Though many might believe that the new recycling regulations in China will have little impact on things here in New England, local communities across the country are already starting to feel the sting. Previously, China accepted the majority of America’s recyclables, regularly with 1-3% contamination, but in an attempt to improve conditions in China, they are now only accepting recyclables with 0.5% contamination, and at much smaller volumes than previous years. Because U.S.-based recycling companies regularly collect and process recyclables before selling them internationally as commodities, these companies have had to crack down on the amount of contamination accepted, the amount of recyclables, and even the types of recycled materials.
Here are how three local communities are dealing with the ramifications of China’s changes.
With the new regulations, local recycling companies have become significantly stricter with the kind of recyclables they’re accepting from communities, and putting penalties on those who fail to eliminate contamination from their recyclables. In Jay, Maine, for instance, the recycling company they use is instituting a fine for contaminated recyclables: $40 per ton for more than 5% contamination, and $70 per ton for 10% or more contamination. While this might not seem like a lot, it’s a significant penalty given that the town is currently only paying $15 per ton for recycling. The town of Jay is hoping that an app to help residents double check their recyclables will help them avoid fines. Read more about what’s going on in Jay in Ben Hanstein’s article in the Daily Bulldog.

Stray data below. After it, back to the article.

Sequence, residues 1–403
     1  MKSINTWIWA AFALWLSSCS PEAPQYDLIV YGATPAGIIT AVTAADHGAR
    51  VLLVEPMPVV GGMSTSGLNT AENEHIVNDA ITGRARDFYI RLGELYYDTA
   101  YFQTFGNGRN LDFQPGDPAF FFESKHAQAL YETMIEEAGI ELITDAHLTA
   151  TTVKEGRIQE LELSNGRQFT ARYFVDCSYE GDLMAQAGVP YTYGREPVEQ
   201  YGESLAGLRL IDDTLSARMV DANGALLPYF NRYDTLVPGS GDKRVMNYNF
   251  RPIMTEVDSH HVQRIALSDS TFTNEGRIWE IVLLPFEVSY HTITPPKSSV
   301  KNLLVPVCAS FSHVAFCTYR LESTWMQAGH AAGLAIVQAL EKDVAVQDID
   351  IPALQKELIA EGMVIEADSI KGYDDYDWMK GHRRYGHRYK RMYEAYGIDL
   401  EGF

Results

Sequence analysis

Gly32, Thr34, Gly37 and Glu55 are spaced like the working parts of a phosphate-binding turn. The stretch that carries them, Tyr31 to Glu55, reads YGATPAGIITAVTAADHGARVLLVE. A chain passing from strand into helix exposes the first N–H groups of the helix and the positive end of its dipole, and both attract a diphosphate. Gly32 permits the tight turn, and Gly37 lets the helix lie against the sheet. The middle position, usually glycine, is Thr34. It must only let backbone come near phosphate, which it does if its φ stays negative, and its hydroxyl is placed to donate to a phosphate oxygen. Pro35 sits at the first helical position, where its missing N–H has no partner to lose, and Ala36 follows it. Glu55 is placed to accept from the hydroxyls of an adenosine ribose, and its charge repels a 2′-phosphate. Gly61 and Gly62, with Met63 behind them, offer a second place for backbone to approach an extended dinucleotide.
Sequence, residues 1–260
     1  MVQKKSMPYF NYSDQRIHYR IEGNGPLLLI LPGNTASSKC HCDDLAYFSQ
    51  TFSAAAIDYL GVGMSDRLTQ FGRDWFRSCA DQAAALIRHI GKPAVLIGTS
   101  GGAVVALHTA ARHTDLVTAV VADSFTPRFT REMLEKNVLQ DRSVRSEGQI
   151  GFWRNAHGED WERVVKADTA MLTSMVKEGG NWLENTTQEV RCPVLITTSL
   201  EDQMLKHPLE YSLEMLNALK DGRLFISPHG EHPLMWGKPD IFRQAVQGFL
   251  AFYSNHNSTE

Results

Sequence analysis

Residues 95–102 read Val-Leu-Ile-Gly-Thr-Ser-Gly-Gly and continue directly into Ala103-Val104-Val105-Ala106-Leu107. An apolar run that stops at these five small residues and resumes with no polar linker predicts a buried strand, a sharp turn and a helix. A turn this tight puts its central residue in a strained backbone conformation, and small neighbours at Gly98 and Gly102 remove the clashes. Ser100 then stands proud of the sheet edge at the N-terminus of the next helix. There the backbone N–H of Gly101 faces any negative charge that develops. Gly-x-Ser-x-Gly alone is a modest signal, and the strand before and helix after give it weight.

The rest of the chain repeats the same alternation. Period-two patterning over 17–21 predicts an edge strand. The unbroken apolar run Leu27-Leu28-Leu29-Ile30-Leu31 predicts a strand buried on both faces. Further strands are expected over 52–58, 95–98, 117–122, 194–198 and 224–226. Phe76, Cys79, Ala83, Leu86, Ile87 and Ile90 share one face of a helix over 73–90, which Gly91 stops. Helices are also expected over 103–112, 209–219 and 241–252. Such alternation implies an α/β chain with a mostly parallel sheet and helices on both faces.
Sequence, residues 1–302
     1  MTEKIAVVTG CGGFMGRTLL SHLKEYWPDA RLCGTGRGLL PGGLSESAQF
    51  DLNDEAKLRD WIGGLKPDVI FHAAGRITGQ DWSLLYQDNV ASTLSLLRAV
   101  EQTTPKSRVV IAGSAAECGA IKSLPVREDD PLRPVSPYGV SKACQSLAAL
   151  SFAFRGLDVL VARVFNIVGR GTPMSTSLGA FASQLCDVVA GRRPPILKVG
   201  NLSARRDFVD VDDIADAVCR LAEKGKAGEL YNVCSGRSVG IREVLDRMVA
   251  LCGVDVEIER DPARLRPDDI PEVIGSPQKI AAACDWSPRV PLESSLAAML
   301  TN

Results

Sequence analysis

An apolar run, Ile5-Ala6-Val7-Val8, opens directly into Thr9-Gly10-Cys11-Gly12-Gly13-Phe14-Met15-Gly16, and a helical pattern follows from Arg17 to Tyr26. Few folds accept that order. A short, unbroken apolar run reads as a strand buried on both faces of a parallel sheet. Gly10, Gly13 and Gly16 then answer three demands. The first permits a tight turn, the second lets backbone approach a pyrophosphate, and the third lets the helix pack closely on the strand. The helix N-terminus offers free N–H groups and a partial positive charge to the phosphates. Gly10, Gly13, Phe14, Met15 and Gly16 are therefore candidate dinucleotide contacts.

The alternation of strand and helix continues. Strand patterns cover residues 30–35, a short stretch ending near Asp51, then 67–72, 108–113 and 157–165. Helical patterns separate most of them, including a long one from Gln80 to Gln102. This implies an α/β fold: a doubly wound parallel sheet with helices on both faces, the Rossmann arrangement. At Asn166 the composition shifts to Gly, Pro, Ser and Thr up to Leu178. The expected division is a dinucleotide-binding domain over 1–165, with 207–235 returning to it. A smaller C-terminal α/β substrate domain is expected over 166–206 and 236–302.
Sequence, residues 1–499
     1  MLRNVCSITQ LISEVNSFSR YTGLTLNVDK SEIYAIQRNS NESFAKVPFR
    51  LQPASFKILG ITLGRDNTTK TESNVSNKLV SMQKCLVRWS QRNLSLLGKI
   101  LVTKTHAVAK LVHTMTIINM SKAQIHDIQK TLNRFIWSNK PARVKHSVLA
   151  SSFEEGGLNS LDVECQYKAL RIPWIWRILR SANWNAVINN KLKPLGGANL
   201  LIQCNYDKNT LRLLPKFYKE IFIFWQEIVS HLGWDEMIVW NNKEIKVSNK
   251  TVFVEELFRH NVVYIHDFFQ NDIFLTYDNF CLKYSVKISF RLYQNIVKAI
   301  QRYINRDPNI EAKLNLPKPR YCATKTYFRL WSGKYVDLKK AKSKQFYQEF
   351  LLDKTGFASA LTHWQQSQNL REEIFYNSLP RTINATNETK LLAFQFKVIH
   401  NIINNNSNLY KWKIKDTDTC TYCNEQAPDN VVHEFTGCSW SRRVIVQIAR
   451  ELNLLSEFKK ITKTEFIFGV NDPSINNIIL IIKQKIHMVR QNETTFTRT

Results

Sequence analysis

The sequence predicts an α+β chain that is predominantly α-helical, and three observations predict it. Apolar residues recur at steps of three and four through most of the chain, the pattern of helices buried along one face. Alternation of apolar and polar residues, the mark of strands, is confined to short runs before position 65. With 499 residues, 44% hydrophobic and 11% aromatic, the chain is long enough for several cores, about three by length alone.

Similarly, five communities in Massachusetts must agree to rising costs for their recycling pickup by July 1, or their recycling pickup company ABC Disposal will stop service. Because of the massive decrease in recyclables that China is accepting, companies like ABC Disposal have to raise their prices to maintain revenue. And with the amount of contamination that regularly shows up in recyclables, fines and cancelled contracts are becoming more commonplace. Some towns are looking into the feasibility of the higher rates, while others are trying to negotiate, and more are looking at alternatives. Learn more about what these Massachusetts towns are facing in Jennette Barnes’ article in Wicked Local Marion.
One of the major contaminators that China is insisting being removed is plastic, specifically plastic bags. Residents of Bedford, MA, will no longer have their recycling picked up if they place anything in a plastic bag. Previously, Republic Service, who handles Bedford’s recycling, would pick up the recycling in bags and then send it on to a Waste Management facility. but because of the changes in China, that bag is now directly thrown into the trash as China will no longer accept it. Read more about what contaminations Bedford residents have to be wary of in Jesse Collings’ article in Wicked Local Bedford.